Are state parliamentarians threatened with poverty in old age? Trade union pension experts complained in 2018 that members of a state parliament received 3.675% p.a. of their diets as a pension under the pension law in force until 2007, with a calculated income of EUR 8,220 after five years, i.e. EUR 1,510 as a pension.
If, on the other hand, since 2008, MEPs have paid in the EUR 113,700 granted instead as a pension contribution over five years, with a 0.9% guaranteed interest rate, this would result in a monthly pension of EUR 384 from private provision. This is a calculated pension reduction of around EUR 1,100 or approx. 75%.
And those who had fallen from the (average) gross (3,100 EUR) to the recommended 4% (approx. 125 EUR) since 2003 should pay a monthly fee for this. pension rights of around EUR 20.
Errors of reasoning by trade union pension experts ?
However, the monthly guaranteed interest rate of EUR 383 after 5 years, calculated at 0.9%, is supplemented by surpluses. In addition, it is also possible to pay into fund-oriented products, so that the projection seems somewhat too pessimistic.
The state parliament administration concerned requires that at least the maximum contribution (i.e. about 2/3 of the subsidy amounting to EUR 1,829 p.m.) be paid into a basic pension (including the German Pension Insurance Association, DRV) for the state payment for the private provision of the members of parliament.
Only 2/3 of the amount there is sufficient to pay the maximum contribution to the DRV: From this alone, more than the aforementioned EUR 383 per month of a private pension can be earned – at least with pension increases.
Then 1/3 or about 600 EUR per month remain for free pension provision, which results in at least another 125 EUR per month, i.e. a good 500 EUR monthly pension after 5 years of payment. Or after 45 years as a member of parliament, as with the corner pensioner, about 4,500 EUR or about 55% of the gross diet.
However, it is also assumed that private provision is also expected from the diets themselves, as with others; for those who want to maintain their standard of living. For this purpose there are not only various pension providers available, but also any other form of investment for later free use, or own rent-free housing.
Tax planning and cost comparison
In the 2019 assessment year, up to EUR 24,305 (per spouse) in contributions to the DRV and/or basic pension can reduce the tax burden – of which 88% or EUR 21,388 are then deductible. On the other hand, these pensions will have to be taxed at 100% from 2040. In the case of private pensions, on the other hand, without tax deductibility, up to more than 82% of the payouts regularly remain tax-free.
However, the offers differ considerably in terms of calculation and in terms of risks, opportunities and costs of the investment, including those from abroad. Up to more than 20 % of the payments could have been used for acquisition and administrative costs in the end. In terms of administrative costs, the pay-as-you-go system should be more than 50% cheaper.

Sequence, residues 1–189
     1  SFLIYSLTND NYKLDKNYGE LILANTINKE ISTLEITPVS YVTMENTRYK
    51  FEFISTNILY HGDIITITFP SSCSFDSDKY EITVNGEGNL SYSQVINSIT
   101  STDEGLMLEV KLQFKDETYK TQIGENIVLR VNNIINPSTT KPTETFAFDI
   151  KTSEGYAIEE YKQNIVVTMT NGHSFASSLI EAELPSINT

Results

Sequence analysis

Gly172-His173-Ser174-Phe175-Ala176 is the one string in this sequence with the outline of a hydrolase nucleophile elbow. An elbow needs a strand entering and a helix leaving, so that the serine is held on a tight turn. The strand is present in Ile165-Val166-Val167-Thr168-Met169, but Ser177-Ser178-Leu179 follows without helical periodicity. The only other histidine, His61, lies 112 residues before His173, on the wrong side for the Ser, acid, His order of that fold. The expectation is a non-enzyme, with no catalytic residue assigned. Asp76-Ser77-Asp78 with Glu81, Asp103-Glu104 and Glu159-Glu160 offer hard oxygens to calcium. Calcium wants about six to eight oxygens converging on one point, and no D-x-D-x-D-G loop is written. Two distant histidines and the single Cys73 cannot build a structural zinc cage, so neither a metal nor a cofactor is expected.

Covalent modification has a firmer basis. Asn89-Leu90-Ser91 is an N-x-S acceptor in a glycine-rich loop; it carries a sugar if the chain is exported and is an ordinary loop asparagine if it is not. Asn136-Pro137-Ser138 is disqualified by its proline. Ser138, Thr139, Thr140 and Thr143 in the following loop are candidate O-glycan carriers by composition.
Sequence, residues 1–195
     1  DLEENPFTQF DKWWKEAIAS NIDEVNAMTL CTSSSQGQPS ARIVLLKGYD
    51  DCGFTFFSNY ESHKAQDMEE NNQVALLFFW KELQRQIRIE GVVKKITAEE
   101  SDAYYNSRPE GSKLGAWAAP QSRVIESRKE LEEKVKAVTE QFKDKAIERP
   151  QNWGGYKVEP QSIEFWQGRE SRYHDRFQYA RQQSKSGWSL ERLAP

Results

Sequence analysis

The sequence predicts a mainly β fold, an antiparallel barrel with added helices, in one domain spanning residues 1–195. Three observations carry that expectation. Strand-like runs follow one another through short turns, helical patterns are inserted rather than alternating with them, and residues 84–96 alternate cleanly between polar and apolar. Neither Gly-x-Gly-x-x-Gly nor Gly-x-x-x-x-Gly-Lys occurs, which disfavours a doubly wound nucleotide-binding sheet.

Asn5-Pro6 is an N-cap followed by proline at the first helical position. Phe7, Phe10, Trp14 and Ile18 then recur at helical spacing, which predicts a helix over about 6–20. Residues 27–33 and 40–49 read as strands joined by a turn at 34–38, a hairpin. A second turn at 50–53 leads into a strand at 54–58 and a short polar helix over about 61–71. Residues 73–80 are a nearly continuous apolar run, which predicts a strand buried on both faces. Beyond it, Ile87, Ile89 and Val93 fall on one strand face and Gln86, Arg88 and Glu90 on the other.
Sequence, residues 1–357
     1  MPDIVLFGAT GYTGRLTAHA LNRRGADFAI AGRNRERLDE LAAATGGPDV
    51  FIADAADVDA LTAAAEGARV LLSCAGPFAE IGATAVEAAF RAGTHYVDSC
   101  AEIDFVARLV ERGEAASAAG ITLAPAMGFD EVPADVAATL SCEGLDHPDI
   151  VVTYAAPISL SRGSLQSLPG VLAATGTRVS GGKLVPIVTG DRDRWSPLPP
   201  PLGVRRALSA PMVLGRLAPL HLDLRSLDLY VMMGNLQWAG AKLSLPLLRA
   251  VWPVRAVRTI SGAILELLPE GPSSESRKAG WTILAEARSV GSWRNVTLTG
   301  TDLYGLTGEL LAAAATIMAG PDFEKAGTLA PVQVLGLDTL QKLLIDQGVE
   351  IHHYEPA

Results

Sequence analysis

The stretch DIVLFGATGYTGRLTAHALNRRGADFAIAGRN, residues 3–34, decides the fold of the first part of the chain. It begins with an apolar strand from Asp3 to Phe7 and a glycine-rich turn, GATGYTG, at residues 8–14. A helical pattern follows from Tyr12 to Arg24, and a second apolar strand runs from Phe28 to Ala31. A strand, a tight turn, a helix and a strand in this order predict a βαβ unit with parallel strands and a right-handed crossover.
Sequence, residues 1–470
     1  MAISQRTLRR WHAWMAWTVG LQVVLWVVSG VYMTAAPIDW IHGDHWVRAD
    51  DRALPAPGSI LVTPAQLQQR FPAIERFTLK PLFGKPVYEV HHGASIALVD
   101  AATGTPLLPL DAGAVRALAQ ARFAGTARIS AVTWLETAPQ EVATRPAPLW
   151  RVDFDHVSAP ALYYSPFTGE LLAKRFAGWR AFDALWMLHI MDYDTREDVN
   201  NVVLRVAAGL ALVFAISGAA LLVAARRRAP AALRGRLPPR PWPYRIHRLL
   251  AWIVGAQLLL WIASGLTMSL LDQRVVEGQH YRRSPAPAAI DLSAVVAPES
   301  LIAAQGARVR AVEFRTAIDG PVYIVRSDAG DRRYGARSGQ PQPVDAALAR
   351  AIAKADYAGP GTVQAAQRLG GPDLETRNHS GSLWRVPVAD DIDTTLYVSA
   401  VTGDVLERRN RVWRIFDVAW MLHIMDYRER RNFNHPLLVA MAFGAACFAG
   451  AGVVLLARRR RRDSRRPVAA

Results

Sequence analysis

Risk diversification due to incalculable risks
The legislator’s wide discretion as to which rules will apply to income tax and social security in the future retirement age is incalculable. It is also uncertain whether capital cover or pay-as-you-go systems will prove more profitable in future. It is equally uncertain whether life expectancy will continue to rise or whether it will tend to fall again (e.g. due to environmental toxins or a pandemic spread by bird migration). How high real interest rates and inflation will be is written in the stars.
The only thing that is certain is that, according to the economic Mackenroth theorem, capital cover has no effect on the demographic problem; nor on generational equity. Just as the option for a Riester contract is out of the question for that double-digit percentage of the population without any savings at all due to a lack of liquidity. The average savings ratio reaches only a smaller part of the population.
To put all your eggs in one basket means an unnecessary risk of lumps. Investors and their advisors more often only realise this after (up to) a total loss on dubious investments – in ships or derivatives, containers and hedge funds, real estate or other tax models.
by Dr. Johannes Fiala and Dipl.-Math. Peter A. Schramm
by courtesy of
www.experten.de (published on 17.07.2019)
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Dr. Johannes Fiala has been working for more than 25 years as a lawyer and attorney with his own law firm in Munich. He is intensively involved in real estate, financial law, tax and insurance law. The numerous stages of his professional career enable him to provide his clients with comprehensive advice and to act as a lawyer in the event of disputes.
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